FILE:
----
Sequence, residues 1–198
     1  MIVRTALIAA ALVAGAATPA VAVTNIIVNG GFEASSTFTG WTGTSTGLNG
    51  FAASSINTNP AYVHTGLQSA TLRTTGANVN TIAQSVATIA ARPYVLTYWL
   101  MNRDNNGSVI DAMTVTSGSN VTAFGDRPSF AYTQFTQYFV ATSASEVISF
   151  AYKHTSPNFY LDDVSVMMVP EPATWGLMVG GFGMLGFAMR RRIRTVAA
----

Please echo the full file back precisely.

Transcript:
Sequence, residues 1–198
     1  MIVRTALIAA ALVAGAATPA VAVTNIIVNG GFEASSTFTG WTGTSTGLNG
    51  FAASSINTNP AYVHTGLQSA TLRTTGANVN TIAQSVATIA ARPYVLTYWL
   101  MNRDNNGSVI DAMTVTSGSN VTAFGDRPSF AYTQFTQYFV ATSASEVISF
   151  AYKHTSPNFY LDDVSVMMVP EPATWGLMVG GFGMLGFAMR RRIRTVAA